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Three of Deepwater Wind's turbines stand in the water off Block Island, R.I. Michael Dwyer / AP

Deepwater Wind is proposing a 144 megawatt project off the Massachusetts coast that would also have 40 megawatt-hour battery storage system provided by Tesla. The project, if approved, would begin construction in 2022 and start operating in 2023.

  • How it works: Combining storage with solar and wind projects helps to deploy more renewables onto the grid by creating flexibility to provide energy from intermittent resources when it's most needed.
  • Why it matters: If built, it would be the world's largest combined offshore wind and energy storage project, according to Deepwater Wind.

Still not a player: While there are several projects planned, for now the U.S. remains a bit player in the global offshore wind market that's currently dominated by European projects. Deepwater Wind's Block Island project off Rhode Island is the only U.S. commercial offshore wind farm in operation.

  • "[A] firm pipeline is beginning to emerge in the early 2020s as [U.S.] states slowly establish new routes to market," notes a recently released Bloomberg New Energy Finance report. Still, the U.S. accounts for a very small share of the cumulative 71 gigawatt offshore wind market they forecast in 2025 as Chinese development grows rapidly and Europe, also growing, remains the biggest player overall.

Go deeper

Off the Rails

Episode 2: Barbarians at the Oval

Photo illustration: Sarah Grillo/Axios. Photo: Jim Watson/AFP/Getty Images

Beginning on election night 2020 and continuing through his final days in office, Donald Trump unraveled and dragged America with him, to the point that his followers sacked the U.S. Capitol with two weeks left in his term. This Axios series takes you inside the collapse of a president.

Episode 2: Trump stops buying what his professional staff are telling him, and increasingly turns to radical voices telling him what he wants to hear.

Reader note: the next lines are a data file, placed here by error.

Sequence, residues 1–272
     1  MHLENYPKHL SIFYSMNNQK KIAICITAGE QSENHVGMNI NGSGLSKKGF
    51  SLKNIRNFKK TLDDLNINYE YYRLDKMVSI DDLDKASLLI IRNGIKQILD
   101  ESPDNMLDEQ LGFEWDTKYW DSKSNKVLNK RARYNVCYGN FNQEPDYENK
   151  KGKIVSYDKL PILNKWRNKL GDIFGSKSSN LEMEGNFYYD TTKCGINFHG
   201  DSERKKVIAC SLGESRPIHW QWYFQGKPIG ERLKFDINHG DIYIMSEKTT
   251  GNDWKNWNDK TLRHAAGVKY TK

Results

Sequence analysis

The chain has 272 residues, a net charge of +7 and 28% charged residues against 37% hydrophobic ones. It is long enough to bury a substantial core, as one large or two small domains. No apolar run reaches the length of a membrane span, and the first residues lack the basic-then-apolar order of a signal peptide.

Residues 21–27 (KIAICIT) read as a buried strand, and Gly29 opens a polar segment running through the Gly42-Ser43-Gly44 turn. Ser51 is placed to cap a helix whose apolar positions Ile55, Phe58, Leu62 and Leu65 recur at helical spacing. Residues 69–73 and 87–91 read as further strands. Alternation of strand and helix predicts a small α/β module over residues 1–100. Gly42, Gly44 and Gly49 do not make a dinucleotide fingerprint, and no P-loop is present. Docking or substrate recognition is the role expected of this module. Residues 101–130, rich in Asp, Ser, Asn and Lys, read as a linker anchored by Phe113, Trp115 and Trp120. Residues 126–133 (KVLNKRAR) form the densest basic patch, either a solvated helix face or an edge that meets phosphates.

President Trump plunked down in an armchair in the White House residence, still dressed from his golf game — navy fleece, black pants, white MAGA cap. It was Saturday, Nov. 7. The networks had just called the election for Joe Biden.

Fringe right plots new attacks out of sight

Illustration: Aïda Amer/Axios

Domestic extremists are using obscure and private corners of the internet to plot new attacks ahead of Inauguration Day. Their plans are also hidden in plain sight, buried in podcasts and online video platforms.

Why it matters: Because law enforcement was caught flat-footed during last week's Capitol siege, researchers and intelligence agencies are paying more attention to online threats that could turn into real-world violence.

Kids’ screen time up 50% during pandemic

Illustration: Sarah Grillo/Axios

When the coronavirus lockdowns started in March, kidstech firm SuperAwesome found that screen time was up 50%. Nearly a year later, that percentage hasn't budged, according to new figures from the firm.

Why it matters: For most parents, pre-pandemic expectations around screen time are no longer realistic. The concern now has shifted from the number of hours in front of screens to the quality of screen time.

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